At a filling station, Sunday morning — I was on the queue for the better part of two hours, having woken up at first light to avoid the pandemonium that is a filling station these days — it was easy to understand how perverse incentives could reinforce the anti-social behaviour patterns that lie at the heart of the crisis of our state. Queues (and the shortages that they advertise) anywhere, are an invitation to game the system — to waste fewer man-hours in idle chatter, to appropriate, as it were, unearned benefits. Standing guard, those who would not suffer such expropriation lightly, then express themselves (in speech and “body language”) in ways that lesser primates would find disturbing to their social organisations.
Of course, only a limited cohort of participants at such gatherings have insurance of any form. Yet the high-strung throng by the fuel pumps is a disaster waiting to happen. These days, I see fewer metal containers at the pump station. And, for good measure, the composite materials with which modern vehicles are made do not lend themselves to flammable sparks when unavoidably they make contact with each other. Still, I wonder how many insurers would willingly accept to provide cover for vehicles that spend so much time in such combustible settings. Higher premiums? Maybe.
That would however not surprise much. For across the economy, costs have risen exponentially, as the risk of failure mounts in every sector. In a sense, after the Jonathan government and its incredibly maladroit husbandry of the economy, we were always going to reach that point where it was going to be all pain and no gain. Largely, this realisation explained the seductive powers of the APC’s “change” campaign mantra. Even the legendary man on main street knew that we had to do things differently from how we have done them over the past 7 years, if we are not to head over a social, political and economic precipice.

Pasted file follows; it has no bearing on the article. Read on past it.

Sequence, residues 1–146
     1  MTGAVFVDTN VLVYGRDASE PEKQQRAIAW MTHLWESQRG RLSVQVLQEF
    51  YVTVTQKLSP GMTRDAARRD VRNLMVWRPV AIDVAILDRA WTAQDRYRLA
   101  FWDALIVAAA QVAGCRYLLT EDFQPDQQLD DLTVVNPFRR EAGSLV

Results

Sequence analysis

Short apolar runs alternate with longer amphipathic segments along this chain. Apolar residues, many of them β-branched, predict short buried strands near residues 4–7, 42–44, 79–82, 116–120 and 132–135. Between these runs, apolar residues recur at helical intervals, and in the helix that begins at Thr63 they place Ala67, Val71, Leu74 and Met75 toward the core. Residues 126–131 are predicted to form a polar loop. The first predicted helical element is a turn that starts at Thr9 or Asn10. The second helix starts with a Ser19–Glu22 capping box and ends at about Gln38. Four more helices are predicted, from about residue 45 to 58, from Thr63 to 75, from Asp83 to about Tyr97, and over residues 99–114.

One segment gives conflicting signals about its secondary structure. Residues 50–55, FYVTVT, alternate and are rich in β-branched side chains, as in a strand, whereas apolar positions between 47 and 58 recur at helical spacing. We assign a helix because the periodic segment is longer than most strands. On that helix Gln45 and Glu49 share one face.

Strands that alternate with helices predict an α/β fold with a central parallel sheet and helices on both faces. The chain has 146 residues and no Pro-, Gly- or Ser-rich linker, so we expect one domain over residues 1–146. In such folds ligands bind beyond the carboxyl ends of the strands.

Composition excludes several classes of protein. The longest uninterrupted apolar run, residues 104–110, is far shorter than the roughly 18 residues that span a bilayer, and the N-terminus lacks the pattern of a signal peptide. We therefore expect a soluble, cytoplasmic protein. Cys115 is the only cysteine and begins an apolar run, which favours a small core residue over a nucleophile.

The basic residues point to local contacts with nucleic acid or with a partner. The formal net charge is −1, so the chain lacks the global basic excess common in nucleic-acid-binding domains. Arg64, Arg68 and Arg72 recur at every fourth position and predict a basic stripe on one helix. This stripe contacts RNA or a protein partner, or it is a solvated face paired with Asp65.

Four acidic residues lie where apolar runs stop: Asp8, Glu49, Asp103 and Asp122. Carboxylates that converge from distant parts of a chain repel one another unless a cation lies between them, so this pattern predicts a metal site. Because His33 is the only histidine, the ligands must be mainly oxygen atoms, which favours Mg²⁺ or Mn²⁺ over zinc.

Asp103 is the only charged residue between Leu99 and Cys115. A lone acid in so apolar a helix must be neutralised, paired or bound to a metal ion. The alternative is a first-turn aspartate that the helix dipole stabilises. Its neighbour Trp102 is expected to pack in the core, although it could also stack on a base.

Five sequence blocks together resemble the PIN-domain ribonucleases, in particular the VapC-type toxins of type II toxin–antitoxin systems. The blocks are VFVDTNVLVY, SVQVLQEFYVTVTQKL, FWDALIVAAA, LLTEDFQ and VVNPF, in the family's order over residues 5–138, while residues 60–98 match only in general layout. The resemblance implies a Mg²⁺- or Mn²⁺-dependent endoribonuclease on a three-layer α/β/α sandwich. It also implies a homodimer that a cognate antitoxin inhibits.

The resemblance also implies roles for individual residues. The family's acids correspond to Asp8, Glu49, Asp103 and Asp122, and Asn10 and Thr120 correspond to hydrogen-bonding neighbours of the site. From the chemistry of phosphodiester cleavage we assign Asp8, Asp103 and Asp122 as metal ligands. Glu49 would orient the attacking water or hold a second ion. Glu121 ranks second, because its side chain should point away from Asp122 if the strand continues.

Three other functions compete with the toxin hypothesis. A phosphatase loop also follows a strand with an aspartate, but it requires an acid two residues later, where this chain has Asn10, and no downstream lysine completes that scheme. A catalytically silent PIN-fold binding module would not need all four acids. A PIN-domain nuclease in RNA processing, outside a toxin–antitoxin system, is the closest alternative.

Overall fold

As push came to shove, though, we, however, failed to factor in a key variable into our expectations of the next 4 years ― the All People Congress (APC) party’s populist streak. Unwilling (or unable) to inflict the changes that the economy needs, fearing that the pains to the “people” would outweigh the gains, the Buhari administration has dithered. True, it has shown a stronger moral backbone than Nerō Claudius Caesar Augustus Germanicus (Roman Emperor from 54 AD to 68 AD) did — at least it is actively pursuing past cases of corruption in the media (and now and again, through the courts).
But the changes to the structure of the economy. The very thing that is required if we are to extricate the economy from the hole that it is in, and even if the oil outlook were to improve dramatically today, if we are not to find ourselves back here again at the end of the next cycle. This has not happened.
Instead, at two important levels ― the downstream sector of the oil and gas industry, and the foreign exchange markets ― this government persists with familiar solutions to time-worn difficulties. Little wonder that we then are faced with the same outcomes that we have had to deal with since 1972.
Yet, the solutions to our current basket of woes are not as arcane, as successive governments’ inaction suggest. How difficult is it to understand that a commitment to private sector-led growth means that the market must allocate resources? As an aside, more often than not, our governments’ pledge to return the private sector to the fore and centre of domestic economic activity has ended up, on the back of a cat’s cradle of higher tariff barriers and waivers, supporting monopolies and cartels in those sectors to which our policy wonks have adverted their kindly gaze. Nonetheless, the defunct Union of Soviet Socialist Republics (USSR) offers us the most important example of how administered prices do not sit well with enterprise, innovation, and efforts to reduce income inequality.
I do concede that the market is often impersonal, and that properly administered it is no cure to all economic ills. But this is not the current government’s worry. For, at least, it seems to understand the notion of “social security” as a cushion for those that economic growth and development may leave behind.
Instead, it is to China that we need look for insight into the Buhari government’s anti-market instinct. And there we find a “communist” government in a death struggle with market forces that it unleashed itself. From contemplating the Chinese example, we then confront the question: “Are the authoritarian instincts of our new leadership simply unable to countenance the loss of power to impersonal market forces?” What does this possibility mean for the next 3 years? Whatever the answers are to these posers, it is clear as day that government can only maintain the kind of control that it currently seeks over the economy at the expense of its continued growth.